Monday, October 3, 2022

Highlights, lowlights from the week’s news

HIT — For once, a prediction about the COVID-19 pandemic appears to be coming true — in a good way.

It looks like the most recent iteration of COVID (omicron) is winding down just as quickly as it ramped up a few weeks back. New cases have plummeted 90 percent in California since peaking about a month ago.

As is the case with most rural areas in the state, Butte County is lagging slightly behind the trend. Still, we had more than 1,700 active cases just three weeks ago and now it’s below 500.

Perhaps most encouraging of all, Gov. Gavin Newsom is now using words like “endemic” while finally admitting the virus isn’t something that’s going to go away; it’s just something we need to learn to live with, especially since this latest variant was much less deadly than its predecessors — and should lead to increased immunity for those who have had it.

Mask requirements are lessening and people are able to get out and do things with less restriction. Let’s hope the trend continues and we don’t see another variant crop up and throw a monkey wrench into things.

MISS — You keep wondering when the people who run professional sports are finally going to kill the golden goose. Major League Baseball seems to be in a bigger hurry than the others right now.

MLB, which has shown almost no interest in negotiating with the players since locking them out Dec. 1, has officially called off all spring training games through March 5. You can expect it’ll get much worse than that.

There was a time when the billionaires who argue with millionaires could get away with that sort of nonsense, and that time was called “pre-COVID.” It’s a different world today. People are used to doing without many (maybe most) of the luxuries in life, and if baseball’s sagging attendance and TV ratings the past two years wasn’t a clue of what lies ahead, it should have been.

This was supposed to be the first full spring training since 2019, and now it’s not going to happen. That’s no small inconvenience to tens of thousands of dedicated fans who were planning to enjoy some mask-free spring baseball for the first time in three years and had planned their vacations accordingly.

Now, when it comes to baseball, more fans than ever are simply going to turn a blind eye to it.

Count on it.

HIT — It was good to see both the cities of Oroville and Chico, along with Butte County, agree to send letters of support for California Assembly Bill 1599, which would allow voters a chance to repeal Proposition 47 from 2014.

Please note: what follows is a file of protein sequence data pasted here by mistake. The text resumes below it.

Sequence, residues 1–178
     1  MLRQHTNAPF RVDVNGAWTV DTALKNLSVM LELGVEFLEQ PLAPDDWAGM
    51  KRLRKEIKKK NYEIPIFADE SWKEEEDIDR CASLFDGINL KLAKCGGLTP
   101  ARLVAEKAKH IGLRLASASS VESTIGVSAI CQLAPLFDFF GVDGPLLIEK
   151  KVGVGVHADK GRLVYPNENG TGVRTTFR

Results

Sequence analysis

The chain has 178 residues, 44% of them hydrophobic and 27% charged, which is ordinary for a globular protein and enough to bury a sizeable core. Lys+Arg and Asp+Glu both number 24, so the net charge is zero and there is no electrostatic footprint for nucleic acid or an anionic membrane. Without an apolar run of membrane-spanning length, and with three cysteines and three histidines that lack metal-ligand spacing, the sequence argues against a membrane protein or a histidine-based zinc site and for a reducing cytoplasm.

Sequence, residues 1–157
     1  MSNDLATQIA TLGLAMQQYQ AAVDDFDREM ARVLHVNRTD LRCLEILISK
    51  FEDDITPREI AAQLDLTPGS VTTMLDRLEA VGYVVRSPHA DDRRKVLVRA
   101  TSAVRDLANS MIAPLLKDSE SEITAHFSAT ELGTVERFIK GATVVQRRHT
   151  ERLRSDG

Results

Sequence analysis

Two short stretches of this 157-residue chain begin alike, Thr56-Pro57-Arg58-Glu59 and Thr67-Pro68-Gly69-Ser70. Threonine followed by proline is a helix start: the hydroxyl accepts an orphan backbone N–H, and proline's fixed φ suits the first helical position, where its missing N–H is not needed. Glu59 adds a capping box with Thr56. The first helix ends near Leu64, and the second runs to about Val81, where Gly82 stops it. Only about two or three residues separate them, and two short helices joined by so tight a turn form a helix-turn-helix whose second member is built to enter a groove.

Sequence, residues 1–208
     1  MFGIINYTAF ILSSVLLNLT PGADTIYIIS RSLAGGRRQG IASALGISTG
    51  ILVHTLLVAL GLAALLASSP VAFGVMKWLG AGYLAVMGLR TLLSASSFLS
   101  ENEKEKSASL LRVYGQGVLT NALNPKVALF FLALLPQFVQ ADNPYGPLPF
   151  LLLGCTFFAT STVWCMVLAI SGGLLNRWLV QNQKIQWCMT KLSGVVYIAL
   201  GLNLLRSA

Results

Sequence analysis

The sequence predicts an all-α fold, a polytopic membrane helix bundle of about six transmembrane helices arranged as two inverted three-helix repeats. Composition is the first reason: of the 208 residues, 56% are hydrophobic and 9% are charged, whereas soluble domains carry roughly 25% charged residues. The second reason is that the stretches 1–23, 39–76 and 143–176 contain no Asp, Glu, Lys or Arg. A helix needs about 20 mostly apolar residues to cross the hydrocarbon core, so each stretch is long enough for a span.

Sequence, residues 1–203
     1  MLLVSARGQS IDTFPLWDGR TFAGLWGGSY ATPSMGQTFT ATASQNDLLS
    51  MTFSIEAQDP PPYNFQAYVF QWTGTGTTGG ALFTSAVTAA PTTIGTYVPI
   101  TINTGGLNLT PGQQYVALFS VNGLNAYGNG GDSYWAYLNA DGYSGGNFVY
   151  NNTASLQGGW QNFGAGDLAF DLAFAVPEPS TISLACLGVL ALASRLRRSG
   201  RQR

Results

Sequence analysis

Prop. 47 reduced various crimes penalties and allowed the early release of certain prisoners. Many law enforcement officials believe it has led to increased crime and less ability to prosecute individuals for their crimes. For example, any theft of less than $950 must be considered a misdemeanor.

You can count Chico Chief of Police Matt Madden among the AB 1599 supporters. His talk at Tuesday night’s Chico City Council meeting was a powerful reminder of the extra challenges Prop. 47 placed on law enforcement, and the extra harm it has placed on communities.

We sense a lot of support for AB 1599, and we can’t help but notice a bit of a trend here. Our state government is cutting back on COVID restrictions while funneling more resources toward things like fire prevention and homelessness; and, in San Francisco, voters in that hugely progressive city just recalled three members of the school board for going so far off the left side of the road, they were basically out past the Farallon Islands in terms of sensible policy.

Is common sense returning to the Golden State? Oh wait. We’ve got one miss to go…

MISS — It’s been too long since we’ve focused on one of our favorite targets, the California Bullet Train. Fortunately, like the billionaires who own professional sports team, it’s a comedic and costly gift that never stops giving.

Or, should we say, taking.

The High Speed ​​Rail Project, read Bullet Train, has announced another increase in the cost of the project, this time lifting the cost by $5 billion to a $105 billion total cost. When initially asked in 2008 to approve a bond to help build the project, the total cost was pegged at $33 billion.

Meanwhile, we’re still at least seven years away from anyone actually being able to ride the thing. Anybody want to bet whether or not the price tag is going to go up a few more times between now and then?

Who’s running this railroad, anyway? Rob Manfred?

Hits and misses are compiled by the editorial board.

Nation World News Desk
Nation World News Deskhttps://nationworldnews.com
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